www.flickr.com

19 February 2014

Red Dot Roaming - Commonwealth MRT - Ancestral Temple of Ying Fo Fui Kun and the Yin Foh Kuan Cemetery

My last Red Dot Roaming saw me travelling to Commonwealth MRT station, somewhere I'd only passed through on the way to other places previously.  Whilst researching other Red Dot Roaming expeditions I'd stumbled across a couple of blogs that mentioned a temple and cemetery right in the midst of some HDB blocks which immediately caught my interest.  A little more research showed that this place was close to Commonwealth MRT station and so it instantly went on the list as a place to visit.  I realised that I'd actually noticed the cemetery as I passed through the station on numerous occasions but had not made the connection or realised how potentially interesting it might be until I delved a little deeper.

The temple is known as the Ancestral Temple of Ying Fo Fui Kun, also in the grounds is the Shaung Long Shan Wu Shu Ancestral Hall and the Yin Foh Kuan cemetery.  Most of the information I've found on the temple and cemetery has come from other blogs but I did eventually stumble across this website which includes information about the temple near Commonwealth MRT.  I'm amazed that the cemetery, in particular, has managed to survive despite modern Singapore being built up around it.  Consequently it makes for something of an unusual spot to visit, surrounded as it now is by HDB blocks and car show rooms.



Ancestral temples honour the dead, often those of a specific clan and are a place for the ancestral worship of these dead.  This temple, built in 1887, and the cemetery belongs to the Hakka clan association Ying Fo Fui Kun and was a burial place for people of Hakka descent.  I read that there were over three thousand gravestones in the original cemetery!  In the 1960s some of the land was taken for housing and asides from a handful of graves the remains of the majority of those buried in the original cemetery were cremated, relocated and placed in urns under the gravestones here.



I have to confess again to an interest in cemeteries (you may have guessed from previous posts about others I've visited in Singapore) and although I couldn't read any of the gravestones I was still fascinated by them.  The neat rows of gravestones were very different to what I'd witnessed at Bukit Brown cemetery or the Malay cemetery near Bugis and far more reminiscent of war cemeteries I've seen in Europe with the rows and rows of identical headstones.  As with any cemetery I've been to the place was quiet and peaceful despite being surrounded by homes.  I saw a couple of people in the distance walking around the edge of the cemetery from the HDB blocks and a caretaker in the grounds but my only other companion was an extremely friendly stray cat.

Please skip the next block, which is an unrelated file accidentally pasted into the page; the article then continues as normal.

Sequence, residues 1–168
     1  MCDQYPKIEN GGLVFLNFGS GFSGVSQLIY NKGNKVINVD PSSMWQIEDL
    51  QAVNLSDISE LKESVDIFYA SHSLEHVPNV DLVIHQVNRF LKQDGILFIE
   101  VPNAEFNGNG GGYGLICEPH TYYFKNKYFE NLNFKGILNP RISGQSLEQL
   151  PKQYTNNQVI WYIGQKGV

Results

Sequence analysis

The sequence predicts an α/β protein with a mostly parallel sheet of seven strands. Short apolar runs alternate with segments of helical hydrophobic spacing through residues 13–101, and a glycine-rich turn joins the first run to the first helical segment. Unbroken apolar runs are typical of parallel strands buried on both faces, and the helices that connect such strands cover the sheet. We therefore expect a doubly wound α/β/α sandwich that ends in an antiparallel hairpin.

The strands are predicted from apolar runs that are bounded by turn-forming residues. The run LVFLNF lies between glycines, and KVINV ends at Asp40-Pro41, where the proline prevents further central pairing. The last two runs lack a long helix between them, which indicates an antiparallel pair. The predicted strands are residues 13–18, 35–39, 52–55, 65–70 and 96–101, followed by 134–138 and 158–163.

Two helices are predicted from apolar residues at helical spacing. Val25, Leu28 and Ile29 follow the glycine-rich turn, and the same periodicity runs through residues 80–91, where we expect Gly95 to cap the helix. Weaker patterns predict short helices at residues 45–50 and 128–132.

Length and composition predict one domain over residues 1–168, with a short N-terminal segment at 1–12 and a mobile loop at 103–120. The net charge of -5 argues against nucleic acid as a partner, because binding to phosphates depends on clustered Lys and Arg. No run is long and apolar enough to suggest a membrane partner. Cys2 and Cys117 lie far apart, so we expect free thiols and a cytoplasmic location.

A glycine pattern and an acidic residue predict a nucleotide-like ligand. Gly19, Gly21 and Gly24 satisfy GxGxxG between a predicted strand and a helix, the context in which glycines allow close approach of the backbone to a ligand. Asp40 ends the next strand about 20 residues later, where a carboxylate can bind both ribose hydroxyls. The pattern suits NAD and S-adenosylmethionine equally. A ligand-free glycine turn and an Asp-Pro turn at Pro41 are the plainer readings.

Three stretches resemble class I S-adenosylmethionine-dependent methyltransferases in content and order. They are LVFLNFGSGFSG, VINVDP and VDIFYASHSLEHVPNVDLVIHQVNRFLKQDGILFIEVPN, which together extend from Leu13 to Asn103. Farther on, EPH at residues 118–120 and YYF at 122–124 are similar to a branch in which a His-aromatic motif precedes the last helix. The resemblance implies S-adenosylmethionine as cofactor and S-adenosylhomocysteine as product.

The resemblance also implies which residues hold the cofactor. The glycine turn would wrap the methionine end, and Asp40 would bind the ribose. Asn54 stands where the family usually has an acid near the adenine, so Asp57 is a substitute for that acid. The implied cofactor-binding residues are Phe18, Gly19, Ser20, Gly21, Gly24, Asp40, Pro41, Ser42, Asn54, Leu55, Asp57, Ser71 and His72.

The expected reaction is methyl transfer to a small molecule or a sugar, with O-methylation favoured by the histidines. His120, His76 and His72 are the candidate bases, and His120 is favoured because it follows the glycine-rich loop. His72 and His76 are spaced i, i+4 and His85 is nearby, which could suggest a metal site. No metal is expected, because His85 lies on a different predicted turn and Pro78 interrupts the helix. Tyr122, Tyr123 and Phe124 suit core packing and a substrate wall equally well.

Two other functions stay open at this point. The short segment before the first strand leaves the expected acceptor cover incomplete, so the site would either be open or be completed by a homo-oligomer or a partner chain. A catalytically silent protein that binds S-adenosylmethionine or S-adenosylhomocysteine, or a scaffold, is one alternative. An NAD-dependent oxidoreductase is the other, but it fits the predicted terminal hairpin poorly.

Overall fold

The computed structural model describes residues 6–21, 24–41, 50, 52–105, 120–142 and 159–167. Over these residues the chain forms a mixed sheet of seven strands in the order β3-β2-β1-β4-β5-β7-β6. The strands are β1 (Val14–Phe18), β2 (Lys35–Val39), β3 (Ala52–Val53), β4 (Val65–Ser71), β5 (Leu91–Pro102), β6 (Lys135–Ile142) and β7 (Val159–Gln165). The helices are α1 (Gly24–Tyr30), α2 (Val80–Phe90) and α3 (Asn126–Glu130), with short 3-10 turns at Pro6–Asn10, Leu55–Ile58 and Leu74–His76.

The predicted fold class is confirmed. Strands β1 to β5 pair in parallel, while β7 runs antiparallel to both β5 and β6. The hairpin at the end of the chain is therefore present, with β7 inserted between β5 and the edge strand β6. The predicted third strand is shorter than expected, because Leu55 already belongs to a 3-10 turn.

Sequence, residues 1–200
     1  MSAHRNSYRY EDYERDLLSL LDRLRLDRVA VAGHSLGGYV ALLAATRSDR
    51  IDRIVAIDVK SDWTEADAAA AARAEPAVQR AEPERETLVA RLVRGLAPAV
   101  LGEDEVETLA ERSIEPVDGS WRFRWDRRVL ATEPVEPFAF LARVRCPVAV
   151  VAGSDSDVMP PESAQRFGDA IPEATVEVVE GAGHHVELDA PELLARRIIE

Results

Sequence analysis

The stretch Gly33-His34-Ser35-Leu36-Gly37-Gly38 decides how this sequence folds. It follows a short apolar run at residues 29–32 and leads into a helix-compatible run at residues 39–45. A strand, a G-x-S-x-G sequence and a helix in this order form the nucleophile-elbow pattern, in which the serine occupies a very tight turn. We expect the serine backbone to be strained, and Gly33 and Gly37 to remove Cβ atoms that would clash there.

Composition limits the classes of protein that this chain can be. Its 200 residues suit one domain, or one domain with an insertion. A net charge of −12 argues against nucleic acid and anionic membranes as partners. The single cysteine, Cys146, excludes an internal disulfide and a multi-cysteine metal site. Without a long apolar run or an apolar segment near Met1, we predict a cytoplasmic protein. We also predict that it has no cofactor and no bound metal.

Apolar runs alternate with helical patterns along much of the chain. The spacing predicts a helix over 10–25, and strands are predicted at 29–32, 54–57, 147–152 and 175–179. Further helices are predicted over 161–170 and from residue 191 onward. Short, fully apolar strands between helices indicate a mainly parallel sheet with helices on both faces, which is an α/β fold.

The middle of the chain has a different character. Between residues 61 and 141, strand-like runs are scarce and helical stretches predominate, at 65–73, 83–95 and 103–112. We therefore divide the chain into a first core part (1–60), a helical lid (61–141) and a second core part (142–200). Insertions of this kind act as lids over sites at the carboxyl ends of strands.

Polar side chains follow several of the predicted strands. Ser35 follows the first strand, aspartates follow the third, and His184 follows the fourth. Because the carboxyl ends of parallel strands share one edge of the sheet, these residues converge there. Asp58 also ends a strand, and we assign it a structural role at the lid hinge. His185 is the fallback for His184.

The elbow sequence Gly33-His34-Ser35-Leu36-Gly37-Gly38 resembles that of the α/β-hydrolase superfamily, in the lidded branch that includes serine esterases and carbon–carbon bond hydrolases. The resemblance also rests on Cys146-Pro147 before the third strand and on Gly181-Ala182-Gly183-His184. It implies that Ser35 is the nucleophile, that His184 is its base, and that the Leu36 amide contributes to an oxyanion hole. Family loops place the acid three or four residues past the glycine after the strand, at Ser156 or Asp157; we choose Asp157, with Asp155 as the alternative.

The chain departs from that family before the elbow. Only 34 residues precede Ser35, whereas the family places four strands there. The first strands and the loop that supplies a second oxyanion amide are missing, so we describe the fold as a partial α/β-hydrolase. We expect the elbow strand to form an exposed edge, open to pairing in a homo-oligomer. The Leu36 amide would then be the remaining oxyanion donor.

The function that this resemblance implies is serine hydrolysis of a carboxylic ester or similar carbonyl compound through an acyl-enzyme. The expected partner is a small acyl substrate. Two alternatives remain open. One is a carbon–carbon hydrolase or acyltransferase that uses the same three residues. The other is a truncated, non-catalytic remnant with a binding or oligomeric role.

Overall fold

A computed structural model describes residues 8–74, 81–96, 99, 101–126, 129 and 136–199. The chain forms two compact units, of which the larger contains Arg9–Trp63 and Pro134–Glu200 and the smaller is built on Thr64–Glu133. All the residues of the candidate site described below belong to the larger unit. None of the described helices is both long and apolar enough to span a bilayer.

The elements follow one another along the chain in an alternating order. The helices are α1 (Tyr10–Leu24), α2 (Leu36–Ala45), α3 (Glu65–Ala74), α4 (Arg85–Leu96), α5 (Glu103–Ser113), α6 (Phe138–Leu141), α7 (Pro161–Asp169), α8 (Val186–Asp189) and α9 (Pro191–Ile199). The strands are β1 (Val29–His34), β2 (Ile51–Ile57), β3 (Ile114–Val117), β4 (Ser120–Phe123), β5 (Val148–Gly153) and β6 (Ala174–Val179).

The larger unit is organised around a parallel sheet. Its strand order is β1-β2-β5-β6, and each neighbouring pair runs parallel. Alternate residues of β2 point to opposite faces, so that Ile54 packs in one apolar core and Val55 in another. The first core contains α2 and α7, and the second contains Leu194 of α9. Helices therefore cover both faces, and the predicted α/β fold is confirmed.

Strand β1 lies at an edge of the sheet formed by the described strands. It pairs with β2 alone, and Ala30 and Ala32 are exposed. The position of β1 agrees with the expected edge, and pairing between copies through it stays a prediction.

More typical, in style, of other Chinese gravestones I've seen in Singapore.

It was unexpectedly trickier to find (or at least to get into the temple and cemetery grounds) than I had anticipated though.  Before I left I, as usual, planned my route and worked out the short walk from the station to Commonwealth Lane where the temple is situated.  Commonwealth Lane has various office blocks and retail shops on it and at the end of it several car showrooms.  I could see the temple and buildings (recognisable from photos I'd seen on other blogs) just behind the car showrooms but couldn't figure out how to get into it from the road.  I felt a bit unsure about wandering through all the cars as I clearly wasn't planning on buying one and ended up wandering back and forth a couple of times trying to figure out where the entrance was.  In the end I asked the security guard at the nearby offices who was happy to help and told me to turn into the Commonwealth Car Mall at the end of the road and then turn immediately left.  Once I did that there in front of me was the entrance, easy when you know how!  So if you are planning a visit yourself look out for that car mall right at the end of the road.










It was a fascinating spot to visit and quite surreal being right in the middle of modern, urban Singapore.  If you are interested in reading more about this ancestral temple and cemetery I found the following blogs to be very informative and helpful in planning my own visit, poskod.sgThe Occasional Traveller and joyloh.com.  Other than these blogs (and others) and the temple website I did eventually find there seems to be very little information available online about this place.  Does anybody know anything more about it?  I'd love to hear from you if you do.

If you missed any of my previous Red Dot Roaming posts, check them out here and please get in touch if you know of somewhere you think I should be visiting.

Commonwealth MRT is on the East West line (EW20). 

2 comments:

  1. Thanks for dropping by and glad I was a helpful resource :) Ying Fo Fui Kun actually has its clan housel along Telok Ayer Street, it's also another pretty interesting looking building, cool lion statues outside though I haven't gone into that one...

    ReplyDelete
    Replies
    1. Your blog was really helpful - thanks, and also for the information about the clan house on Telok Ayer Street!

      Delete

Thank you for taking the time to comment.

Related Posts Plugin for WordPress, Blogger...